Two recently published studies suggest that the promise of small cell sites still is recognized, but that the sector’s success is far from a sure thing. A report from ABI Research seems a bit more upbeat than the other, which was published by Infonetics Research.
Small cells can be used to offload data from cellular to the Internet and/or to extend the reach of wireless networks into formerly hard-to-reach areas. The end game is to make these devices – which come in a number of configurations – a complement to the macro base stations that exist today.
ABI’s report, which does not specify whether it is worldwide or limited to North America — the latter seems likely — reports a half million of these devices will be sold this year.
ABI says that about 278,000 units shipped last year, which was a bit lower than the firm’s forecast. The firm suggests that demand will rebound in the immediate future. That growth will be felt in 1 watt small cells that are optimized for “street level deployment.”
The longer-term outlook is bright, ABI predicts:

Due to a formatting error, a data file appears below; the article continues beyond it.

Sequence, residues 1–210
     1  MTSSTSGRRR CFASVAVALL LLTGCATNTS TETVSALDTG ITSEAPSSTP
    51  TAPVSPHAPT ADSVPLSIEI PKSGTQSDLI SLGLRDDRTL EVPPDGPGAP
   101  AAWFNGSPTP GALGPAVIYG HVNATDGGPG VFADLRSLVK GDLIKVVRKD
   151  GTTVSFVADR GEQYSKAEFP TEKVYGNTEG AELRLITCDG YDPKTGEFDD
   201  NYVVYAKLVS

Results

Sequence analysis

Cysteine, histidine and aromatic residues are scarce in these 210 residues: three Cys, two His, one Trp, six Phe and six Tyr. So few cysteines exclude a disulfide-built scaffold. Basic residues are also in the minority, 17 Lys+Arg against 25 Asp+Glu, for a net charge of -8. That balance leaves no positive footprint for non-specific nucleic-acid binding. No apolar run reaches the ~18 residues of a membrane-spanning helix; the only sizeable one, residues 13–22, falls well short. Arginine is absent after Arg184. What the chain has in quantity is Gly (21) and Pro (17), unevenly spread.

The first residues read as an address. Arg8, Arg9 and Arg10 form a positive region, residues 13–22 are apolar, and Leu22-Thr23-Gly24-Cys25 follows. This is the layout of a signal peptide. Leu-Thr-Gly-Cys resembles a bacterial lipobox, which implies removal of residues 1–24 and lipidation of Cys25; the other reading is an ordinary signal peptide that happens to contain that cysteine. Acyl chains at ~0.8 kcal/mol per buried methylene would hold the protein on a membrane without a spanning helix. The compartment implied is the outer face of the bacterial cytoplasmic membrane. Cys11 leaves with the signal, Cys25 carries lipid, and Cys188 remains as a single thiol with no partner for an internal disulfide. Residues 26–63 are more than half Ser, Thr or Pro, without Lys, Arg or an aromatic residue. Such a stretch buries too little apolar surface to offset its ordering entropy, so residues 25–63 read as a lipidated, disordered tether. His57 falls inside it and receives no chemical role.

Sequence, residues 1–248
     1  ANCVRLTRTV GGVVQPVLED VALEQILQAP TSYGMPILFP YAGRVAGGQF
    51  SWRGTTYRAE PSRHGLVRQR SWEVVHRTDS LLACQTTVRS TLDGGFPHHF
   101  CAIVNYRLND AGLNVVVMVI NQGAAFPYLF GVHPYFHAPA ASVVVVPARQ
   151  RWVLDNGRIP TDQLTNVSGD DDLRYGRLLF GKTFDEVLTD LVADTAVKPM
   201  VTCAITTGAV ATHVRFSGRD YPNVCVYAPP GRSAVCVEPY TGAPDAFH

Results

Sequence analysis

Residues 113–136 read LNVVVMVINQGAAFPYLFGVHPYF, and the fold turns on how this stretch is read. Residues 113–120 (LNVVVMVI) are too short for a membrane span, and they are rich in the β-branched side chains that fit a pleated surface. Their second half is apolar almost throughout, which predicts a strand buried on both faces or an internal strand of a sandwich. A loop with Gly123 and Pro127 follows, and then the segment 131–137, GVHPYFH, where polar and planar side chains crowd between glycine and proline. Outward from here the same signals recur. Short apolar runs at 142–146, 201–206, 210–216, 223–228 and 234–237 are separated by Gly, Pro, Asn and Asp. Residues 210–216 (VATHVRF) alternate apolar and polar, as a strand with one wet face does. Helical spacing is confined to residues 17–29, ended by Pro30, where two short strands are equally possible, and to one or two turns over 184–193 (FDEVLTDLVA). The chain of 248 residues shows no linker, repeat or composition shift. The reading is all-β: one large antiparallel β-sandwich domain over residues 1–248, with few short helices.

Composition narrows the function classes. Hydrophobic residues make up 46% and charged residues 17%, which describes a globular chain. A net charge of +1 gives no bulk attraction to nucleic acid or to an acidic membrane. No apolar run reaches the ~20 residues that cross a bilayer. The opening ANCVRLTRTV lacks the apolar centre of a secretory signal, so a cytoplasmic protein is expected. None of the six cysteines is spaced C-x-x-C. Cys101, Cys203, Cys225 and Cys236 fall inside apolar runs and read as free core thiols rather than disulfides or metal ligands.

Outdoor small cell units will grow at 52.7% CAGR to reach over 3.5 million units by 2018. The fastest growing outdoor class of small cells are 4G LTE small cells which will grow to reach almost 1 million unit shipments in 2018 as operators begin to differentiate their LTE services by adding capacity in key strategic locations.
Infonetics’ report is worldwide in scope. The firm found that 86 percent of those questioned plan to use a variety of methods to backhaul traffic from small cells to macrocells, though fiber is favored. A majority of those surveyed, Infonetics reports, demand a five-year total cost of ownership (TCO) that is within 10 percent of a typical macrocell deployment. By 2016, the firm says, in-building and outdoor cells are expected to handle one quarter of mobile traffic.
The release on the report paints a picture of a segment facing a lot of issues. Michael Howard, the co-founder and principal analyst for carrier networks at Infonetics Research, laid out the road ahead:
These operators face some daunting challenges: outdoor small cell gear isn’t small enough or cheap enough yet, and there are problems backhauling in dense urban areas, not to mention municipal regulations regarding the look, size, and color of the equipment and who can mount equipment on streetlights, utility poles and building sides. Even if they managed to solve all these issues, they’re still going to have to pass the fiscal test. Outdoor small cells won’t fly without a viable business model.
In a feature at the IEEE Spectrum, Ariel Bleicher does a very nice job of describing small cells, tracing their development and painting a picture of what the future may look like. She is upbeat. But, at the same time, she echoes ABI and Infonetics: The promise is great, but there still is a lot of work to do.